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Contribution as culture

This post spends a lot of time analyzing and referencing two other blog posts. Excuse me for that, but also be sure to read both, as they are relevant for this post and also interesting in their own right.

Matt Mullenweg wrote a blog post called Five for the Future yesterday that advocates his belief that WordPress-centric companies should aim to utilize 5% of their company resources toward contributing back to the project.

He noted in the post that Automattic isn't quite to this point, but that they are working on it, and describes why he believes it's important. He closes with this:

It’s a big commitment, but I can’t think of a better long-term investment in the health of WordPress overall. I think it will look incredibly modest in hindsight. This ratio is probably the bare minimum for a sustainable ecosystem, avoiding the tragedy of the commons. I think the 5% rule is one that all open source projects and companies should follow, at least if they want to be vibrant a decade from now.

This was followed up by one of the co-founders of one of the very hosting companies Matt partially referenced in his post — WP Engine's Ben Metcalfe — who responded with a blog post of his own: WordPress: What exactly do they get for their 5%?

I think I was immediately thrown off by Ben's post title, but so many times throughout reading it I was shocked at how he made assumptions of Matt's intentions or missed what I would call “the point”.

5% is not a decree

Obviously, Matt is not speaking from the mountaintop with a proclamation of law. This is his recommendation — one that he believes will reward the firms that strive for it.

I believe that the community has already shown us that those that invest into WordPress are rewarded from it. We improve our understanding of a foundational software of our careers, improve our skills, are more marketable, more attractive to employers, and create natural opportunities for developing industry relationships.

How should 5% of “people” be defined? I'm pretty sure Matt would agree that 5% of people or 5% of revenue toward people doesn't really matter to him; yet Ben makes a continuous sticking point about the cost of — and need for — engineers.

Additionally, while Matt utilizes full-time employees, the same (or better) effect could be had with shared time from more employees.

I'm not big into absolutes, so it's important to remember that while I'm advocating that Matt's recommendation of 5% time, I think it's simply a good recommendation. This is a free economy and companies can do what they want. But I think in the current and long term, contribution will be key to greater corporate success for those that choose to do so.

What does 5% cost, and who does it require?

While Matt was careful to include numerous non-engineering roles companies could help with, ultimately what drives the open source project is source code contribution by software engineers. …

A reasonable engineer in the US costs $100k/y, and if you factor in benefits (tax funded health-care, anyone?) and overheads you could easily be looking at $130k or more per person, per year. …

A 200+ person web hosting company would need to hire 10 engineers to meet a 5% goal, requiring a budget of anything between $1MM-1.3MM+ per year. Those engineers probably need a manager – to mentor them, provide career development etc. Those 11 people also put pressure on human resources, finance, legal, facilities etc – probably equating to another person again. Now we’re talking probably more like $1.25-$1.5m annually.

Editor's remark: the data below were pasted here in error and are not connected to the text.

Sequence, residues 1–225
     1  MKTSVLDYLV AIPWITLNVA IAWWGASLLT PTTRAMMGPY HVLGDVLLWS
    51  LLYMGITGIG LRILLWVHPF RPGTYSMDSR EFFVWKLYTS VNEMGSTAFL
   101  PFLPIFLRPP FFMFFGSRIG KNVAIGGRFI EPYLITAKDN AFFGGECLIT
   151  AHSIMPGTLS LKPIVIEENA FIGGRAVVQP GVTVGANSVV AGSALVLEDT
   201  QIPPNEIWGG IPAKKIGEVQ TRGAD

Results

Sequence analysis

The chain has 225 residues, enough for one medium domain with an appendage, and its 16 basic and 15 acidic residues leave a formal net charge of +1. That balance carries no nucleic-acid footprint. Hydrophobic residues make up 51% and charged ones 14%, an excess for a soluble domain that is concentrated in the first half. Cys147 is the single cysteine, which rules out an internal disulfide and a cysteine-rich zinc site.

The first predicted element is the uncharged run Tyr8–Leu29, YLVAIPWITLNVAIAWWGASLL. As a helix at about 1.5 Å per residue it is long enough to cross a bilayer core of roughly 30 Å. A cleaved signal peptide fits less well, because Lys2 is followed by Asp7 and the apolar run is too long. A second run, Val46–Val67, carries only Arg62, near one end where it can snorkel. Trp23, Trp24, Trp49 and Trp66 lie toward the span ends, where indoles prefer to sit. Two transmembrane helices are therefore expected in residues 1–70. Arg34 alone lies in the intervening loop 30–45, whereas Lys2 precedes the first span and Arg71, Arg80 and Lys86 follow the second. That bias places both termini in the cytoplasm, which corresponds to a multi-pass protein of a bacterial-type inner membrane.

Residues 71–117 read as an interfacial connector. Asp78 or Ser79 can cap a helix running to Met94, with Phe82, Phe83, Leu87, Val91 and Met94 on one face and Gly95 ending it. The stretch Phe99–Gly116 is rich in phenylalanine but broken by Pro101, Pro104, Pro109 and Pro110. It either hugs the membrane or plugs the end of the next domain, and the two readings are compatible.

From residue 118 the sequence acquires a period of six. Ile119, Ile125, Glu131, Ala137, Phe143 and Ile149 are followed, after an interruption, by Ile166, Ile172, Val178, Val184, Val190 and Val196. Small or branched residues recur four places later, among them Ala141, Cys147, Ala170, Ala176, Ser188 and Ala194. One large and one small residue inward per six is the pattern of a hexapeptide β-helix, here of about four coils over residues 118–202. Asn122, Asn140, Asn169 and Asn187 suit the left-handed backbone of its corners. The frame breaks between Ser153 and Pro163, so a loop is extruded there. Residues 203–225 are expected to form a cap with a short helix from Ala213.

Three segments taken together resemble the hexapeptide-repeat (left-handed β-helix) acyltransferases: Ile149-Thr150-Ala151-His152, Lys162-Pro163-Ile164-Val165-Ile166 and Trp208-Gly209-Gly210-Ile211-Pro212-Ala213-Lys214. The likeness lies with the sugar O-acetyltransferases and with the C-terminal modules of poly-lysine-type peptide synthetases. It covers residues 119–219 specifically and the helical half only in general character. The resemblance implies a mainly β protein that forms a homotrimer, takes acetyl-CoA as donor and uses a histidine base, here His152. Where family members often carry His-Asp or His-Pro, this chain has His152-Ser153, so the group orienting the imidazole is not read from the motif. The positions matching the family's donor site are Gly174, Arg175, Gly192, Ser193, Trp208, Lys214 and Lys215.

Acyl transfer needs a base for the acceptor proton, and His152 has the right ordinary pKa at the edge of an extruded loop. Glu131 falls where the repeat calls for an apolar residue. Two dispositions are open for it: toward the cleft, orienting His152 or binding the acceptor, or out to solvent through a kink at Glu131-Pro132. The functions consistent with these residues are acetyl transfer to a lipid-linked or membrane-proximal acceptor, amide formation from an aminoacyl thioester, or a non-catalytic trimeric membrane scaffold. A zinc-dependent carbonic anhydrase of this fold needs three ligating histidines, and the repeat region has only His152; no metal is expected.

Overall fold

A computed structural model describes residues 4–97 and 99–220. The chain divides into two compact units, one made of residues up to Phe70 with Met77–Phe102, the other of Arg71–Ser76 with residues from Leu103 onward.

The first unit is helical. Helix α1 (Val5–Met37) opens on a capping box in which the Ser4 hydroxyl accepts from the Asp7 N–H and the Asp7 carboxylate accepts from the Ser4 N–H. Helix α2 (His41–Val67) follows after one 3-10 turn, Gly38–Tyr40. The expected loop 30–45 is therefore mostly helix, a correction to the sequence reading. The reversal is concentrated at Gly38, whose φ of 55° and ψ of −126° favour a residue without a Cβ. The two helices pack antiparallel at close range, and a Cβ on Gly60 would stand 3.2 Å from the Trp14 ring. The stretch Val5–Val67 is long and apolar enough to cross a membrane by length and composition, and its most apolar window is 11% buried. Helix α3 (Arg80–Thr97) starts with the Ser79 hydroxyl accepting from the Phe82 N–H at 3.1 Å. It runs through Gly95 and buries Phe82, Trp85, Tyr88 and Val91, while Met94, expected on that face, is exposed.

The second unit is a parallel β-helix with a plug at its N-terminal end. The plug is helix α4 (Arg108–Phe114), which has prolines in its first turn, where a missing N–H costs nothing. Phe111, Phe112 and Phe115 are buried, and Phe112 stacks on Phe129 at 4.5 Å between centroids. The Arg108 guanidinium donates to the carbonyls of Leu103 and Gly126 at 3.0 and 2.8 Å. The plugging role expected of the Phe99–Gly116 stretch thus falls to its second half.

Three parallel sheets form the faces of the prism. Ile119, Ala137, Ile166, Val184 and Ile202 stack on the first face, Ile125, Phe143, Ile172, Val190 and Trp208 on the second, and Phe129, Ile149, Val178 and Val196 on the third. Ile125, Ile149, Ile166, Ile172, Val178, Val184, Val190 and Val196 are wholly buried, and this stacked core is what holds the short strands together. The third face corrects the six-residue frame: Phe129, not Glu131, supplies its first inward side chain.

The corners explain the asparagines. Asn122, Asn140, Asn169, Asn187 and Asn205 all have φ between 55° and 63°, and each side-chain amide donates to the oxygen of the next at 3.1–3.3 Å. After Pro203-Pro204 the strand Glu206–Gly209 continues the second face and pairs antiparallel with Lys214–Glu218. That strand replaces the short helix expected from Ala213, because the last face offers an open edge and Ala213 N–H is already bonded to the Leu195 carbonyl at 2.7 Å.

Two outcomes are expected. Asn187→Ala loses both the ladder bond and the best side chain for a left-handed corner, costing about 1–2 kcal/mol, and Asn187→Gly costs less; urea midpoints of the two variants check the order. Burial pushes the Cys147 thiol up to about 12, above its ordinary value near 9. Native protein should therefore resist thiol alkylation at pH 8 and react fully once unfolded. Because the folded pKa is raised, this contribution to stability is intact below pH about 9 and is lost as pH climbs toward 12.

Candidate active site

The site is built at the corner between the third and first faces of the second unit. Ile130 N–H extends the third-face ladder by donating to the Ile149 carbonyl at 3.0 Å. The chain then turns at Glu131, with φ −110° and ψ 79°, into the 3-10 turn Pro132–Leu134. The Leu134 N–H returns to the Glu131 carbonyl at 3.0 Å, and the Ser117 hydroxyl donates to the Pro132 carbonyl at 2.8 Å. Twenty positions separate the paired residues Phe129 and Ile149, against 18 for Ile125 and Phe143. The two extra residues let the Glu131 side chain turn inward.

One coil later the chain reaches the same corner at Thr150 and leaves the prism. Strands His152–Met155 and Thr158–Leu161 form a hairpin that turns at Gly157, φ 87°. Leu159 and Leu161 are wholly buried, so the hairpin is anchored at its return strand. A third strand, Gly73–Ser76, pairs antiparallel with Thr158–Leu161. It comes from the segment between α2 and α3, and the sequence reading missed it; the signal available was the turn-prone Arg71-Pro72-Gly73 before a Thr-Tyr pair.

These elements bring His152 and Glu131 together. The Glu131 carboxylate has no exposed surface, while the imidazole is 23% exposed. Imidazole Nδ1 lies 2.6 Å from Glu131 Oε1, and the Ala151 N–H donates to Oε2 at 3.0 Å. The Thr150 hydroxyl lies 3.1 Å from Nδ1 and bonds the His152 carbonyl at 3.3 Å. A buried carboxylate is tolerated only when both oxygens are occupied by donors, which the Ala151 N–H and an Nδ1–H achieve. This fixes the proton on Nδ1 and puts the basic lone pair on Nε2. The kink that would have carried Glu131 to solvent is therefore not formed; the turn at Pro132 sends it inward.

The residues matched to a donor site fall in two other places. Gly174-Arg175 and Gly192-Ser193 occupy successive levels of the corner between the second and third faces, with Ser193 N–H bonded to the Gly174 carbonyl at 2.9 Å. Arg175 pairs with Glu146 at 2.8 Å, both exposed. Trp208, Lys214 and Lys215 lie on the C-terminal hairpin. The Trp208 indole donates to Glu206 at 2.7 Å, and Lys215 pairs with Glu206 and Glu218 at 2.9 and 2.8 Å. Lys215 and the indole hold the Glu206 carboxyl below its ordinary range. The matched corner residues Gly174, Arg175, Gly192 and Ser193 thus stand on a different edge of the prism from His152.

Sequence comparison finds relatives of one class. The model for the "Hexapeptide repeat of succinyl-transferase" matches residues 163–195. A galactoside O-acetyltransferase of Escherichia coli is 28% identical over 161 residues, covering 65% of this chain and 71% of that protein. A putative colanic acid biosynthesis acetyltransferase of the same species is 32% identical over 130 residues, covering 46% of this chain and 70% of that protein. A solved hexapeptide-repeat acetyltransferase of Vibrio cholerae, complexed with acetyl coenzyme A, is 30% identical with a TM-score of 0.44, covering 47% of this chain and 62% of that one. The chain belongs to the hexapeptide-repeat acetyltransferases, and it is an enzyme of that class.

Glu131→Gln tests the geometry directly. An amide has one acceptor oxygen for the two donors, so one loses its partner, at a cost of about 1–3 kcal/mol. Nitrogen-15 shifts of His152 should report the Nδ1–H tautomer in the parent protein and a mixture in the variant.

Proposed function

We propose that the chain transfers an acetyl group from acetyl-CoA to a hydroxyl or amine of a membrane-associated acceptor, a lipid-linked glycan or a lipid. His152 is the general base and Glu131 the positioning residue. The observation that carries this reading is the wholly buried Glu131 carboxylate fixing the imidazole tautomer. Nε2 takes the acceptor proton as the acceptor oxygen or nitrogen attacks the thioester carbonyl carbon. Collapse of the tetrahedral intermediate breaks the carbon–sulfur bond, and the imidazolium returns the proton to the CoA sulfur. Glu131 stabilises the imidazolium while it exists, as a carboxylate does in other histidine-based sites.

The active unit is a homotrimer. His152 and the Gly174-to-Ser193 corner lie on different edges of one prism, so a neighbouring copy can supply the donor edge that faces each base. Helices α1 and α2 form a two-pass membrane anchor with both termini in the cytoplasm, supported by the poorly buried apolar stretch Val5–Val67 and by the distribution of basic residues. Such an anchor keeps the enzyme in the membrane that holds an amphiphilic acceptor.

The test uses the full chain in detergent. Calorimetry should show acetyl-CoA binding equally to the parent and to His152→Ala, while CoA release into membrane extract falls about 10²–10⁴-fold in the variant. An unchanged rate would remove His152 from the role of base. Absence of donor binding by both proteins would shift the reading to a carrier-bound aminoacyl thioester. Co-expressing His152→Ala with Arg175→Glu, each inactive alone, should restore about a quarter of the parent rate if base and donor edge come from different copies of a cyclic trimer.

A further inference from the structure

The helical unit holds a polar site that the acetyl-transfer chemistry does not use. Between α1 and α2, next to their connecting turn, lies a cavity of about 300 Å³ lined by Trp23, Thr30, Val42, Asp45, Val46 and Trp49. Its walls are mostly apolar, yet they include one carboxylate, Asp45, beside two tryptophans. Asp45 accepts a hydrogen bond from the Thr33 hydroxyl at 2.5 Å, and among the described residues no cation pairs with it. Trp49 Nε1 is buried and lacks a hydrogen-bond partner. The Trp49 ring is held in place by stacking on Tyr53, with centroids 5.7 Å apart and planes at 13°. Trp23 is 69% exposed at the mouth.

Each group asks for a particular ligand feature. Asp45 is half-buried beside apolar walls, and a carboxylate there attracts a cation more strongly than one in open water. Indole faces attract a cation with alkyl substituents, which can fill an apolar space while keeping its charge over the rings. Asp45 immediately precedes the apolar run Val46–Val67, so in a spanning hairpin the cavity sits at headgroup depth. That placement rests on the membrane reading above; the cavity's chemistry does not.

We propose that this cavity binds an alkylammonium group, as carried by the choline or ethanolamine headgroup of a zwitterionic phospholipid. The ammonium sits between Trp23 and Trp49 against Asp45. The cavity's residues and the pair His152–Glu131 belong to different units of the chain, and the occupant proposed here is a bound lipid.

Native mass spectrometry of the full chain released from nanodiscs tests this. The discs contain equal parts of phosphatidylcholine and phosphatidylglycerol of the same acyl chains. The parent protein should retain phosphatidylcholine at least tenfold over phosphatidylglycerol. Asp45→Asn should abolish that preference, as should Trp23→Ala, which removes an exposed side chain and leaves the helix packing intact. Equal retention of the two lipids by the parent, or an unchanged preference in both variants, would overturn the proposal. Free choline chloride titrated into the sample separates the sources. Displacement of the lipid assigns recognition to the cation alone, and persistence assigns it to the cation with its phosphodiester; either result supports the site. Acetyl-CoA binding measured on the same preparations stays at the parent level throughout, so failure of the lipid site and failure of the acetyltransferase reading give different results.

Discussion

First, I believe Ben has spent too much time in the world's largest cities if he believes engineers cost $100,000 per year on average. In my experience (yes, I interview people myself), that's not the case, and based on my decent view of the ecosystem it's not an appropriate going rate — especially if the offer on the table is a particularly desirable position.

More importantly, the project needs far more non-technical contributors. Ben's assertion that “ultimately” software engineers drive the project is not true. Users drive the project. A technically savvy user-minded contributor can be a beacon of light to a group of software developers. And given the user-facing nature of WordPress itself, non-engineer contributors could drastically improve the less code-sexy parts of the WordPress ecosystem: project management, docs, training, testing, support, translation, etc.

Additional to “core” contributions, WordCamps, plugins, themes, communities, and many other venues are outstanding places where contributors — yes, they're still contributors! — can impact the overall project.

Finally, as I noted above, I think companies could quite effectively contribute parts of employees' time versus dedicated 100% time, which would also prevent the need to have dedicated managers for open source contributors.

Foundational software to your business

Ben spends a chunk of time saying that big companies like GoDaddy get a “get out of jail free card” and that obviously Matt wouldn't expect they dedicate 5% of their thousands of employees.

GoDaddy definitely benefits from WordPress and they also contribute to it; and no, they don't contribute 5% I'm sure. But WordPress is not foundational to GoDaddy's business. They have a dedicated sub-product for it, and they also have many contributors to it.

WP Engine, and many others (including mine), are almost completely or completely reliant on WordPress as a platform. WordPress and its underlying technologies are foundational to our careers and businesses.

It is simply a different story to compare a company that would continue on pretty much fine without WordPress and one that would have to seriously reconsider their entire business model.